Driving Social Change: Dr. Kimberly Barrett
In late August, Dr. Kimberly Barrett joined Lawrence University in Appleton as Vice President for Diversity and Inclusion and Associate Dean of the Faculty. Her mission
is to advance the institution’s commitment to diversity
While Lawrence had an interest in improving its diversity and inclusion efforts for some time, protests at the university last year and the changing nature of the world made creating her position a priority.
“There is a trend to create inclusive environments, not just at Lawrence University but every place,” says Barrett. “We are challenged to take up the fight and finish this unfinished work of social justice as it relates to higher education.”
PASSION FOR POSITIVE CHANGE
Barrett was born in Columbia, South Carolina, as the daughter of a drill sergeant and a nurse. “I was fortunate to have a family that was supportive of education and
encouraged me to be assertive and follow my dreams while honoring the rights of others,” she adds.
The 52-year-old has always had a passion for helping to create positive social change. “My activities in school and career choices were guided by my desire to make a difference, to whatever extent my unique talents might allow, and contribute to making life better for others and change the world, at least within my realm of influence, in some way,” she says.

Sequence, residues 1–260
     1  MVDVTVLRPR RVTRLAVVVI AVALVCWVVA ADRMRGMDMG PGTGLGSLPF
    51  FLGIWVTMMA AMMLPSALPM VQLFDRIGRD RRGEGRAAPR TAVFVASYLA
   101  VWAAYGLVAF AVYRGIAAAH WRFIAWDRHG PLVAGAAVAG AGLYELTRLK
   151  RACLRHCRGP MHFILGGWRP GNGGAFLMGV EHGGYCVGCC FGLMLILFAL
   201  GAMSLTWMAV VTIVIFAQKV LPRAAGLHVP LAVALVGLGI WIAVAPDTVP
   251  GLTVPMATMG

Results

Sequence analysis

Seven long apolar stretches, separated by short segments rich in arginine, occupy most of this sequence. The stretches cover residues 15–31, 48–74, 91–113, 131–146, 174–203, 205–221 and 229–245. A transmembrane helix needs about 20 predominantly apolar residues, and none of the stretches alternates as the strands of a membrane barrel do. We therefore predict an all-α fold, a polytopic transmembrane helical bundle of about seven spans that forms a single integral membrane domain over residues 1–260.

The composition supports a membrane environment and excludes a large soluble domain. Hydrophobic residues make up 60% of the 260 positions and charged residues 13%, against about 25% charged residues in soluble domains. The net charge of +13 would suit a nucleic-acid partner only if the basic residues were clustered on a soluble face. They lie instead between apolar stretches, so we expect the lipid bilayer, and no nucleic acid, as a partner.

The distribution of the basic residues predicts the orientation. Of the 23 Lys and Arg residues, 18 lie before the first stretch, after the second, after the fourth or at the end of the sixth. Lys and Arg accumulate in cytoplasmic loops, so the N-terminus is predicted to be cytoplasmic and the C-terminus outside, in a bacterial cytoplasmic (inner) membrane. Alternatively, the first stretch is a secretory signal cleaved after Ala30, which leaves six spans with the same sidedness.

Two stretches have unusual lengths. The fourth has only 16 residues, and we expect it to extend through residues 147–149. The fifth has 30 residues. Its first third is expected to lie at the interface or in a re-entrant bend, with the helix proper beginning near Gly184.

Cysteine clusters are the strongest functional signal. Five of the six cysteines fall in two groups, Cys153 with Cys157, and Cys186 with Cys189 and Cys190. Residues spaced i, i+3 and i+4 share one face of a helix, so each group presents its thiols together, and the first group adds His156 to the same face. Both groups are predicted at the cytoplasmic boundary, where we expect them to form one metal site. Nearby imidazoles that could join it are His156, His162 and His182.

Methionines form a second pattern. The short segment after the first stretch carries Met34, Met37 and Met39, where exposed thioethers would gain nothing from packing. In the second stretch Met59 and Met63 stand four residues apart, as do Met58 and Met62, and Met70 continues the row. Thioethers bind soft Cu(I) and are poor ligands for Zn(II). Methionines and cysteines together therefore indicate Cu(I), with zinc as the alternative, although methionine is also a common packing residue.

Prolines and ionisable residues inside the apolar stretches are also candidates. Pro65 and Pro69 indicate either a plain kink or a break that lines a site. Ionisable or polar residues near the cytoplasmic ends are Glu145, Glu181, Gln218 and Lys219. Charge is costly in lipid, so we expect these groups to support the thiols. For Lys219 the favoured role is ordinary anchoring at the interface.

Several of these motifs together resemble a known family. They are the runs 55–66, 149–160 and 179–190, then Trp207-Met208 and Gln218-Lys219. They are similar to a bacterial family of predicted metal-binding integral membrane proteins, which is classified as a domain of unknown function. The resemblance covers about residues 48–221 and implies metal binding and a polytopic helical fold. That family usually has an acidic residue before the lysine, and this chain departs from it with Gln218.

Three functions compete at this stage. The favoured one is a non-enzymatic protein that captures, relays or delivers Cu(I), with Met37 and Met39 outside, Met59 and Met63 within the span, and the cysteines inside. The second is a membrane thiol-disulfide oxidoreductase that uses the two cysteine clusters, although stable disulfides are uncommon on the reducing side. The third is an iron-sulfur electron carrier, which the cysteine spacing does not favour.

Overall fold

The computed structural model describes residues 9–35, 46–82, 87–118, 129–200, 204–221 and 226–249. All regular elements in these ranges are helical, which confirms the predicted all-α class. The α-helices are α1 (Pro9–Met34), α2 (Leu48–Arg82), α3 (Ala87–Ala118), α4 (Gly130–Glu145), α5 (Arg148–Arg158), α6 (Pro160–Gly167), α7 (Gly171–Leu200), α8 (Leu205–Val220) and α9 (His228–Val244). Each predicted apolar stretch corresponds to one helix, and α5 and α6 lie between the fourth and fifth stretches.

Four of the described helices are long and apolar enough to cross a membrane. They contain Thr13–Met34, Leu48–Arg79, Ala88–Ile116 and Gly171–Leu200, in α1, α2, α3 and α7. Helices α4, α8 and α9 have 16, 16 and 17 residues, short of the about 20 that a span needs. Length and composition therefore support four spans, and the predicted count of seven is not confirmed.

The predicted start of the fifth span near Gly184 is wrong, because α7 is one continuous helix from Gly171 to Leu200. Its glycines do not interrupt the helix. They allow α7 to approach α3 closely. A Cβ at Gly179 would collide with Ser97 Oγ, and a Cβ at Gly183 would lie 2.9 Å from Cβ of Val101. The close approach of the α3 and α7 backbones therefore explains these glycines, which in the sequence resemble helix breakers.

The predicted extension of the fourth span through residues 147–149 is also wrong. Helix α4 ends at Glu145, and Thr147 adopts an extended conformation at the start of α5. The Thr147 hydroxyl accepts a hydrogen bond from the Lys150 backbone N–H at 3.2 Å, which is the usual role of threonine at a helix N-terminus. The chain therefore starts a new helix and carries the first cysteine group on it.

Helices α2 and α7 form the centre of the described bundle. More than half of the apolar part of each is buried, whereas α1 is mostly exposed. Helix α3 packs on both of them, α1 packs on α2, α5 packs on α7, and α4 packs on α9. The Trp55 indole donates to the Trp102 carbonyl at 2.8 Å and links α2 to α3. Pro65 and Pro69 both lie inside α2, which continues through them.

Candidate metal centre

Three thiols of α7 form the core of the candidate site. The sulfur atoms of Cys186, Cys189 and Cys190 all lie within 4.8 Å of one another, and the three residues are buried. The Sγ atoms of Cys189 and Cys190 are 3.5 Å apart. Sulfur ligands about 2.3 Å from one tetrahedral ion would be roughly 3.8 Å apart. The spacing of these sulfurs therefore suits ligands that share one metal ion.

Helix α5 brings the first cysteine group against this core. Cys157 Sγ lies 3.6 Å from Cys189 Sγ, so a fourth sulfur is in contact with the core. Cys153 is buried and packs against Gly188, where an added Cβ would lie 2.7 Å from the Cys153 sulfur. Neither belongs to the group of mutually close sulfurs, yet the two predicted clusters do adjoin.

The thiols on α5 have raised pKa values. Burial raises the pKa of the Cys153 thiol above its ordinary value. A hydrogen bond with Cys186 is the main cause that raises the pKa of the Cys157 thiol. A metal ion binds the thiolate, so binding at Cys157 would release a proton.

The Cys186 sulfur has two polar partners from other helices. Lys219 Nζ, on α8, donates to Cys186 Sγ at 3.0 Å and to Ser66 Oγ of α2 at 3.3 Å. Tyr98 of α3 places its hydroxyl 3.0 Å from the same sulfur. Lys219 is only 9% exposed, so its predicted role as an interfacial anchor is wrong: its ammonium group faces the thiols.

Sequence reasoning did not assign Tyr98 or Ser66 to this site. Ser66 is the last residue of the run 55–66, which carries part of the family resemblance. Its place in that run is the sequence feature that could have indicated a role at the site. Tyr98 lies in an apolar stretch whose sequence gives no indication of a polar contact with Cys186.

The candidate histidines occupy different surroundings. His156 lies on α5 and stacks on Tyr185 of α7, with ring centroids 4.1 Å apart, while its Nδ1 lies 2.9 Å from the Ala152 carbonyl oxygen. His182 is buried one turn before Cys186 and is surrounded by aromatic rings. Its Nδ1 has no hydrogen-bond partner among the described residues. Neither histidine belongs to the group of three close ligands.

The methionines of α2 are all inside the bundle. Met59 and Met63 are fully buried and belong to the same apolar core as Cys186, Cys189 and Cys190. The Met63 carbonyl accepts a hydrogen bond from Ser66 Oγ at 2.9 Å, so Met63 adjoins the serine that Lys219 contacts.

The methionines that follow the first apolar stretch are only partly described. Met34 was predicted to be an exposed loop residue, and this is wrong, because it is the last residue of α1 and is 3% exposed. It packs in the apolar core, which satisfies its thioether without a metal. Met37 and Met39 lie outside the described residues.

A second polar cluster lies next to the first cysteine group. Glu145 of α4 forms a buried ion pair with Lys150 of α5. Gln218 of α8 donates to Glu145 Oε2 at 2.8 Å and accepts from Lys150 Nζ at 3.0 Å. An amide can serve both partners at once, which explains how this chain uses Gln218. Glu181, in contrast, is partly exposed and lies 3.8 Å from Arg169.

Barrett has more than 25 years’ experience working with college students as well as faculty, governing boards, community members and others to promote learning, student development, social justice and diversity.
Prior to joining Lawrence, Barrett served as Vice President for Multicultural Affairs and Community Engagement at Wright State University in Dayton, Ohio. She’s held several additional administrative positions in higher education, including Vice President for Student Affairs at the University of Montevallo (Alabama), Associate Vice Chancellor of Student Development and Diversity at the University of Wisconsin-Eau Claire, Vice Provost at Lakehead University in Thunder Bay, Canada and the founding director of the Women’s Center at Murray State University in Kentucky, among others.
Every job change and move from one university to the next allowed Barrett to build on her experience and seniority so she could achieve her ultimate goal of making a difference in a big way.
JOINING LAWRENCE UNIVERSITY
While universities across the country have been experiencing protests, with race discrimination and transgender issues among the greatest concerns, more and more institutions are stepping up to address the issues systematically. Barrett explains this includes hiring more faculty and staff that reflect the diversity of the community, in the U.S. and the world.
“Higher education plays a central role in promoting diversity and inclusion. We can help prepare students to live in a diverse, global society, not only in terms of the skills they need in the workplace but to also live happy, fulfilling lives,” says Barrett.
Barrett explains she accepted the position as Vice President for Diversity and Inclusion and Associate Dean of the Faculty because it was the perfect opportunity to continue her social justice work within higher education at a prestigious liberal arts university. She is challenged with the task of collaborating with faculty, staff, students, alumni, community members and other external constituencies to advance the institution’s commitment to all aspects of diversity and inclusion.